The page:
Trucking outlook shows mixed signals

Freight volumes continue to be varied, depending on the sector. Trucking’s outlook will be cloudy in the months ahead, according to American Trucking Associations chief economist Bob Costello.

“As far as freight volumes, the trucking economy pretty mixed right now,” Costello said during the “All Eyes on the Economy” panel during the annual Management Conference and Exhibition. “Some groups, like tank truck and flatbed, are doing very well, while conversely you have other areas like dry van that are underperforming.”

Despite the fact that volumes overall are going up, capacity “remains relatively in balance to demand,” Costello said.

“However, if the overall economy were to surprise us on the upside – with, say 3% GDP growth for several straight quarters, we would not have enough trucks to handle the corresponding increase in freight,” he said. “This speaks to the continued threat of our current quantitative driver shortage of 20,000 to 30,000 drivers potentially getting worse in the future.”

Costello said that while better than expected growth would be a surprise, generally the risk of recession or slower growth was more likely.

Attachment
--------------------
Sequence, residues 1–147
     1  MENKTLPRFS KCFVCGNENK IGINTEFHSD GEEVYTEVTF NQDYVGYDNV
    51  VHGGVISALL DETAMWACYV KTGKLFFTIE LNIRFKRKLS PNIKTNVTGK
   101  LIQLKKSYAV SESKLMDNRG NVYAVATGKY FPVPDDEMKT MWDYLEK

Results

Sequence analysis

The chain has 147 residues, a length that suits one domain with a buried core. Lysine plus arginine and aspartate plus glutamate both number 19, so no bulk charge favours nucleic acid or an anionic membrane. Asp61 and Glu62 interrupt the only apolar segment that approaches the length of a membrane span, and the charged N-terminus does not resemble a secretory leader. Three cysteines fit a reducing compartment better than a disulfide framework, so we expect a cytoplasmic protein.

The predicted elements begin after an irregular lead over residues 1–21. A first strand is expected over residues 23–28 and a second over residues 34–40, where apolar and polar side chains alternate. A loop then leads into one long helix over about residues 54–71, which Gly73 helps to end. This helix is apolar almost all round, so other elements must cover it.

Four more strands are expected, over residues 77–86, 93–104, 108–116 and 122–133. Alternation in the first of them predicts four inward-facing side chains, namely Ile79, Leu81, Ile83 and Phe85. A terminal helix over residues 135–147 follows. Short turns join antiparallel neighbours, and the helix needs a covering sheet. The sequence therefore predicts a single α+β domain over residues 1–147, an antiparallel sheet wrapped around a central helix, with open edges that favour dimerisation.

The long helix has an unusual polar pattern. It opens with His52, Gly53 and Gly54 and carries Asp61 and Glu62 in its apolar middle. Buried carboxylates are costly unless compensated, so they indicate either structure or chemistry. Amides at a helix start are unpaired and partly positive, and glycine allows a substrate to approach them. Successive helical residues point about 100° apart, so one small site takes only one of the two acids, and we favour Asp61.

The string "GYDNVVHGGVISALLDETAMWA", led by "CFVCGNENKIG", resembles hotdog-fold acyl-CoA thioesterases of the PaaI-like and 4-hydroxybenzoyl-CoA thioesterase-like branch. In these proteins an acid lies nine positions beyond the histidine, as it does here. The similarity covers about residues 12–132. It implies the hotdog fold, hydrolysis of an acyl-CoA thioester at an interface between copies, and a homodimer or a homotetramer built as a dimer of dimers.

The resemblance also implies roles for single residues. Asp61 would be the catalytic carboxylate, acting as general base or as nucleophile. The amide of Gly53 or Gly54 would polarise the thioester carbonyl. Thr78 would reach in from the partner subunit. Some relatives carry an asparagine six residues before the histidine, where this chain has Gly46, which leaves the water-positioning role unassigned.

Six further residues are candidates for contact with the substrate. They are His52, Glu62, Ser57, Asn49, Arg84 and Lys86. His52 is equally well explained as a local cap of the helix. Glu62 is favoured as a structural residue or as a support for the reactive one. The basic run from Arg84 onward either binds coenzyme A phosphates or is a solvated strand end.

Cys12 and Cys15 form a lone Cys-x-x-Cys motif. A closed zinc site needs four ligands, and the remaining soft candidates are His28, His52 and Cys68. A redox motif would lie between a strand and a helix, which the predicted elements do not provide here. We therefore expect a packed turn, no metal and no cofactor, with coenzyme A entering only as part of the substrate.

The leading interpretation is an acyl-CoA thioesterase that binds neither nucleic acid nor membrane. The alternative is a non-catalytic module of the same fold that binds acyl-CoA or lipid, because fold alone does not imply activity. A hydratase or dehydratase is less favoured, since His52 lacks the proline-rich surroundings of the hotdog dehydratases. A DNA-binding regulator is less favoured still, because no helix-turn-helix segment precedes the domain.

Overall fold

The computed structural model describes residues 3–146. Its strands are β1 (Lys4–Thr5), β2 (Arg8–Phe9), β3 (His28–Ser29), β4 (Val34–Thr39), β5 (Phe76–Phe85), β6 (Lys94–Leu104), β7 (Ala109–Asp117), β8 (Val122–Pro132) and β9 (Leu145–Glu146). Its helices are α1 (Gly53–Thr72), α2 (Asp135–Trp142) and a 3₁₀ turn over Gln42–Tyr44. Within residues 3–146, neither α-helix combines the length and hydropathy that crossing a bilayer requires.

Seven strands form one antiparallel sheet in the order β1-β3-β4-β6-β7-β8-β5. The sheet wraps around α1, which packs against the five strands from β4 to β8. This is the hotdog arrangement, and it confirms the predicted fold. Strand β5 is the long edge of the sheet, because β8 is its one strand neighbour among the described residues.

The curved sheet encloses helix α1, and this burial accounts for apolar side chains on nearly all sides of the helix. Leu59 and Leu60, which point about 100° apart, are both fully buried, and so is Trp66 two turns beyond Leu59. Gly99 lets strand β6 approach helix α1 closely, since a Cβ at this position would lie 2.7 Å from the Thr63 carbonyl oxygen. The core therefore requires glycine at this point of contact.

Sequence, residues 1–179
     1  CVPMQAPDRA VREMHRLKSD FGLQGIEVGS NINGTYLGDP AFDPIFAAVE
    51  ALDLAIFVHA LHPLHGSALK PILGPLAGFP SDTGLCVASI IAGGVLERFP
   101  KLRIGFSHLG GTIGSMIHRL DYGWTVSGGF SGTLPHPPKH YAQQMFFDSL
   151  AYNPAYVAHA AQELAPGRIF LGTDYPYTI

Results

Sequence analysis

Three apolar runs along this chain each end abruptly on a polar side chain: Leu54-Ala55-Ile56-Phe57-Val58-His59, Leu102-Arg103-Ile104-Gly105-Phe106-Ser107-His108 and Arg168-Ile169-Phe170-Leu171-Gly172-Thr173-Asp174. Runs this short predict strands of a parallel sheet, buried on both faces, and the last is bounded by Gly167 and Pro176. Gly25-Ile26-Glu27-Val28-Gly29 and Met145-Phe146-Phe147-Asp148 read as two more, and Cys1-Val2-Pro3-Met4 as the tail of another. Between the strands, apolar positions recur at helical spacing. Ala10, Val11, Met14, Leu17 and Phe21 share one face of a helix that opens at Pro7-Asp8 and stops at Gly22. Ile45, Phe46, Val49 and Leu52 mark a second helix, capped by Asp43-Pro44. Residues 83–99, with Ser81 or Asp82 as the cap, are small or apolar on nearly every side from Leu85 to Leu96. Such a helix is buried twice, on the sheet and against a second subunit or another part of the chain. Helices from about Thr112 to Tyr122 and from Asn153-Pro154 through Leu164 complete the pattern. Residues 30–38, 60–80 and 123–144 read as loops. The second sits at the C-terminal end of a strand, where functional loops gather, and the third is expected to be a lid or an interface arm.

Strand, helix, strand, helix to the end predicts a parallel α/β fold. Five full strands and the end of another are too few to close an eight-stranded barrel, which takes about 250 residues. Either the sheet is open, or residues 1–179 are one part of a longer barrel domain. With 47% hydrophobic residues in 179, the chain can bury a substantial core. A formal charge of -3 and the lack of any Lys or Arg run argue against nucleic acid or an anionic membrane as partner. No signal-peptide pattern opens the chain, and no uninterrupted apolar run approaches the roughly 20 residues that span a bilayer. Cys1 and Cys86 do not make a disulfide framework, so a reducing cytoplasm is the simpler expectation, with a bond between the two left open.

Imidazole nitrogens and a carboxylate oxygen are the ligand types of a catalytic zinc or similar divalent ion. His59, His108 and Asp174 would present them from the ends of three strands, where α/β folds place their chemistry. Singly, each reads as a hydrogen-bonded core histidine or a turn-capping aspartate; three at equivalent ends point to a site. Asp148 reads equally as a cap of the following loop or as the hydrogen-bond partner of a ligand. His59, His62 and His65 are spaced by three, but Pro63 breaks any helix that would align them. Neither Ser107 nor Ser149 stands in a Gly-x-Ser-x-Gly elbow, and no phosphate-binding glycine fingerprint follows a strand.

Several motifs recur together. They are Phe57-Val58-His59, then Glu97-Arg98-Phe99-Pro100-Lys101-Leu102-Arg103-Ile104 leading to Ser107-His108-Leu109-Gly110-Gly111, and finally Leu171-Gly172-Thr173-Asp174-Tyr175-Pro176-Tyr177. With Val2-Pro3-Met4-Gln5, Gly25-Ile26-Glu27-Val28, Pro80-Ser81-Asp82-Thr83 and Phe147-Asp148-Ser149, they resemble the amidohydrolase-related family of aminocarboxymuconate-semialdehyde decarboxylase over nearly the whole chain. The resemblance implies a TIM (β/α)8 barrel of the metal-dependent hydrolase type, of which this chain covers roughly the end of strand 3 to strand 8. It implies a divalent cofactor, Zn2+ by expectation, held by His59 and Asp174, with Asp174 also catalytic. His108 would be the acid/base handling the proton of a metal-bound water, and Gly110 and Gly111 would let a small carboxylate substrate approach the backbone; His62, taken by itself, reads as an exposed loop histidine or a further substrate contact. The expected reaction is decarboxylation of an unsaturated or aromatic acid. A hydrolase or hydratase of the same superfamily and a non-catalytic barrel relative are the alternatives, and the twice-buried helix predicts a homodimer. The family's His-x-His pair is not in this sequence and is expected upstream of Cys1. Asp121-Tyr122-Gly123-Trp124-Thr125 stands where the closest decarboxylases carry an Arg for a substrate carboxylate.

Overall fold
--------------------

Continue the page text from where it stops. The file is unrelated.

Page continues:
“The biggest risk to trucking would be a backslide into recession either because of the collapse of the Euro, or more likely, uncertainty related to the ‘fiscal cliff’ at the end of the year,” he said. “It is very likely that Washington simply punts on resolving the issues surrounding the cliff into 2013, thus limiting GDP growth to less than 2% until late in the year.”

Another area of concern for Costello was the “sharp deceleration in manufacturing orders which will limit manufacturing output and thus put a damper on truck volumes in the coming months.”

Costello spoke alongside Lawrence Yun, chief economist and senior vice president of research at the National Association of Realtors, and Gregory Daco, senior economist at IHS Global Insight.

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